Marking a big win for privacy and immigrant rights, the California Department of Justice (CADOJ) has cut off deportation agents from access to the state’s law enforcement network.

Earlier this year, the Enforcement and Removal Operations (ERO) division of U.S. Immigration and Customs Enforcement (ICE) was required to sign an agreement that its officers wouldn’t use certain sensitive California databases for immigration enforcement operations. In an email, a CADOJ representative confirmed that ICE ERO refused to sign the new agreement and lost access to the California Law Enforcement Telecommunications System (CLETS) on October 15, 2019.

CLETS is the master network in California that law enforcement agencies use to access driver’s licenses, criminal records, and a range of other sensitive databases.

S.B. 54, also known as the California Values Act, is a state law passed in 2017 that limits California law enforcement from using resources to assist in immigration enforcement. One of the law’s provisions requires the Attorney General to “publish guidance, audit criteria, and training recommendations” to ensure to the “fullest extent practicable” that state and local law enforcement databases are not used to enforce immigration laws.

In February, CADOJ updated its regulations to prohibit agencies from accessing CLETS to assist in deportation efforts, spurring the new agreement. ICE ERO refused to agree to these new terms. CADOJ cut off ICE ERO, as did at least one regional law enforcement network—the Automated Regional Justice Information System in San Diego County.

CADOJ’s actions follow years of advocacy by EFF and immigrant rights organizations. Concerns about database abuse date back to Japanese American internment, when the federal government misused stored personal information to identify and incarcerate over 120,000 people during World War II. As the Trump administration relentlessly targets immigrant communities, ICE continues to exploit state and local resources, including databases, to act as force multipliers for immigration enforcement. For instance, earlier this year, a Voice of San Diego report identified at least two men arrested by ICE agents equipped with driver’s license photos. The report indicated that because the men had no criminal history, it was likely that ICE got their addresses and photos through CLETS. As S.B. 54 recognized, “[e]ntangling state and local agencies with federal immigration enforcement programs diverts already limited resources and blurs the lines of accountability between local, state, and federal governments.”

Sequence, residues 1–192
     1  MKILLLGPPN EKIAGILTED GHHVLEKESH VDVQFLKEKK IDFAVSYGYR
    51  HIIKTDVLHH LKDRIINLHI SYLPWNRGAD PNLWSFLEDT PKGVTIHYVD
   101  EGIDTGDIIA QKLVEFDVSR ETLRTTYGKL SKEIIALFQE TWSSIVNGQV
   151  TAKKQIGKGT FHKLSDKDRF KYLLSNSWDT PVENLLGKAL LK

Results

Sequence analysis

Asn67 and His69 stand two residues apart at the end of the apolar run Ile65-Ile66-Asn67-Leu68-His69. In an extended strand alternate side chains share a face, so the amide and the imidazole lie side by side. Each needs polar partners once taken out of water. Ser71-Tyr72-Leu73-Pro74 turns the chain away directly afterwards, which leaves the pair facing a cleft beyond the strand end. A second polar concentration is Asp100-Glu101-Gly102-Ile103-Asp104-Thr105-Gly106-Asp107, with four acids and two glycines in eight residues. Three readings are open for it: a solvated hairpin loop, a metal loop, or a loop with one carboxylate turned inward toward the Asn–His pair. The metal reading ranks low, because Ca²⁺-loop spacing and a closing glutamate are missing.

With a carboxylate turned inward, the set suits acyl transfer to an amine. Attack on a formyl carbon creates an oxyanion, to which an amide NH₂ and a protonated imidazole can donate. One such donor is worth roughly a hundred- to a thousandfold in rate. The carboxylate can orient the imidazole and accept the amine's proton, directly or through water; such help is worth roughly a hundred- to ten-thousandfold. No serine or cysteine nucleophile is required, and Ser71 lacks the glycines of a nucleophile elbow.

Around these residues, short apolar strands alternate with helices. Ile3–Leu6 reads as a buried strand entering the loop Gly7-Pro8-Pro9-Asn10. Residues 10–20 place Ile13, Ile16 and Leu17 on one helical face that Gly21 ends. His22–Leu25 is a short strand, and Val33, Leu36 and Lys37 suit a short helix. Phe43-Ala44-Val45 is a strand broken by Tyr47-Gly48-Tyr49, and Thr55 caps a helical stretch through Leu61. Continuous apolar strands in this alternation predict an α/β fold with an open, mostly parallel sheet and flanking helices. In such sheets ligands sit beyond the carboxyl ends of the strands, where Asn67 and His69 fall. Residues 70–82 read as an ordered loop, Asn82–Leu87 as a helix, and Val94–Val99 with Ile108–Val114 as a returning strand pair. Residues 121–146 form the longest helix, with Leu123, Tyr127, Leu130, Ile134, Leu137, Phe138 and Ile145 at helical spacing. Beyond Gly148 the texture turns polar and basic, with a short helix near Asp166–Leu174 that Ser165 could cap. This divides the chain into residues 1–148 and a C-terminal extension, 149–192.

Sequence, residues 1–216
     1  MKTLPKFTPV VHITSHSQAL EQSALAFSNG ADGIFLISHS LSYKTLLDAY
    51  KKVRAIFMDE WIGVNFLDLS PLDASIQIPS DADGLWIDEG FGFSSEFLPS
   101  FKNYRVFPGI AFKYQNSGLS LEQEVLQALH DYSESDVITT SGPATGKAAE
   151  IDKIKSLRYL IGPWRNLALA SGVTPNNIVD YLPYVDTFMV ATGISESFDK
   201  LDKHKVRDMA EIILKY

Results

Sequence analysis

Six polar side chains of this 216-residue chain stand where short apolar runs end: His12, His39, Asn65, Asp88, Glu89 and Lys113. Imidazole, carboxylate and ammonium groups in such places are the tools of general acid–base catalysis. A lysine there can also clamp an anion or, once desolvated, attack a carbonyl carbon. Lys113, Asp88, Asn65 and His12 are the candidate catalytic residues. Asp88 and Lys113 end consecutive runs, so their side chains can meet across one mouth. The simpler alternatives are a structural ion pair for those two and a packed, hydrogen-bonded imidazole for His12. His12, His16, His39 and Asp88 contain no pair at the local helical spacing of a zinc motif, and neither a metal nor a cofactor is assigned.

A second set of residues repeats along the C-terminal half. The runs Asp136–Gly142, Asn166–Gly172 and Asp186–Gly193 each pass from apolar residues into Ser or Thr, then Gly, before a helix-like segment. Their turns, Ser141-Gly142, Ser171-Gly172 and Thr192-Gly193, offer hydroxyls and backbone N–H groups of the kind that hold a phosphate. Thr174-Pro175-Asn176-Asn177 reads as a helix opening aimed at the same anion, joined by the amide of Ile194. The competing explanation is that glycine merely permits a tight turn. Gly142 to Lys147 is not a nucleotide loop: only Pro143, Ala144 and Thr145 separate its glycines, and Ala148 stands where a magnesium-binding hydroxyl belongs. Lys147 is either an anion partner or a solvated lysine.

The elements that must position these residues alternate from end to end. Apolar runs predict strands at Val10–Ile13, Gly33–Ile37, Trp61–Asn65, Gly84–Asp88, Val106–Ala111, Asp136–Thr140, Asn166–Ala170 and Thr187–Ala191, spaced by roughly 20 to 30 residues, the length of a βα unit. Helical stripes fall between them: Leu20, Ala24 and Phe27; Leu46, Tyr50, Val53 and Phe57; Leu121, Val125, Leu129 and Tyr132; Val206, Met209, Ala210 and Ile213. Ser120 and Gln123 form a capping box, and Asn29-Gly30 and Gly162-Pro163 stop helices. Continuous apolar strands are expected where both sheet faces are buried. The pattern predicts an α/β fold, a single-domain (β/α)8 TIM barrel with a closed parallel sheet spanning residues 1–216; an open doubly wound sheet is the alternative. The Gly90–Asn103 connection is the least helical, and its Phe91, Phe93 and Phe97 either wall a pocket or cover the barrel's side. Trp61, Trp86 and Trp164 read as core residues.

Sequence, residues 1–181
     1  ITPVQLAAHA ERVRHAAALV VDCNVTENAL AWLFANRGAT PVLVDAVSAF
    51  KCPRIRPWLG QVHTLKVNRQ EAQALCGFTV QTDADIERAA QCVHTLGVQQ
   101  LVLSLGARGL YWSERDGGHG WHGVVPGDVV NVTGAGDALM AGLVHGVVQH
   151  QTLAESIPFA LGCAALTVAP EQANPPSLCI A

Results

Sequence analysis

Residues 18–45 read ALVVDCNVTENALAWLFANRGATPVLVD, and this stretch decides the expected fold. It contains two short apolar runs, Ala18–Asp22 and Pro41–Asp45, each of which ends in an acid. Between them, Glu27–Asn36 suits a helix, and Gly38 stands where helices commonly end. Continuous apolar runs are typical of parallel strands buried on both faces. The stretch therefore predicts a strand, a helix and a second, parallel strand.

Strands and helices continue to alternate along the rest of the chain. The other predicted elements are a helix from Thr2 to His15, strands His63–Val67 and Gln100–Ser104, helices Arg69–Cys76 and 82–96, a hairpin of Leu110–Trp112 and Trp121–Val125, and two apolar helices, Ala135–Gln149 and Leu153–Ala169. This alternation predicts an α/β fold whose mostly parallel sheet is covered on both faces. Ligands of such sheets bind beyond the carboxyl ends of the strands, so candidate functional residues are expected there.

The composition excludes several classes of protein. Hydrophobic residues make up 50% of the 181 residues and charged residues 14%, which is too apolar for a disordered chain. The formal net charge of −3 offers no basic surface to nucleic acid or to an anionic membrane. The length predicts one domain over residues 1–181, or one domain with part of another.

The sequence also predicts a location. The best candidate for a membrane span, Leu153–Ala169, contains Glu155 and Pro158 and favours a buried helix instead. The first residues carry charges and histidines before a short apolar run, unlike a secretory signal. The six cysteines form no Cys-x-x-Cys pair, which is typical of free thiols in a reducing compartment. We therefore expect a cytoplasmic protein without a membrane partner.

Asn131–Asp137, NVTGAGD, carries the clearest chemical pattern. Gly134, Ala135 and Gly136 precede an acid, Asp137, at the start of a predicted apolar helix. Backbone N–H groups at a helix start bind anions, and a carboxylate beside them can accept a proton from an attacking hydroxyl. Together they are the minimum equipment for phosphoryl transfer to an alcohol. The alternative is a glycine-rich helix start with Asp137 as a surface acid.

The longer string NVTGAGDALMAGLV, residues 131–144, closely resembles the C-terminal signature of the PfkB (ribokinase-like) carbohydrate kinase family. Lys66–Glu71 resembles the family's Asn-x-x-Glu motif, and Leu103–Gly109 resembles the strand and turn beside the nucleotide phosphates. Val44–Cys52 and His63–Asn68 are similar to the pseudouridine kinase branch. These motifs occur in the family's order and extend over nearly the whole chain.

Following the passage of S.B. 54, EFF told the CADOJ CLETS governing committee that accessing CLETS for immigration enforcement should be classified as a misuse of the system.  After CADOJ’s February update, EFF sent CADOJ a letter that, among other things, called for the agency to closely monitor CLETS transactions conducted by ICE and other Department of Homeland Security (DHS) component agencies and to conduct an audit on the agencies’ misuse of CLETS.

To further protect immigrants from ICE’s abuses, we urge other agencies that maintain databases accessible through CLETS to disable ICE ERO accounts from using those databases.